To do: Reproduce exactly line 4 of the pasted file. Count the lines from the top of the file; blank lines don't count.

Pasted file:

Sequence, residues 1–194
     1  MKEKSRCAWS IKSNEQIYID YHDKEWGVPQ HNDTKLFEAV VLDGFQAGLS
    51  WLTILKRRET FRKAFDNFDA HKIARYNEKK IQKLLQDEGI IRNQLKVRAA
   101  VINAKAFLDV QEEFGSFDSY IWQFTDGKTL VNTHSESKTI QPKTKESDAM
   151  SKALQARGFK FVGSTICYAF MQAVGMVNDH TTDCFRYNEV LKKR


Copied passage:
   101  VINAKAFLDV QEEFGSFDSY IWQFTDGKTL VNTHSESKTI QPKTKESDAM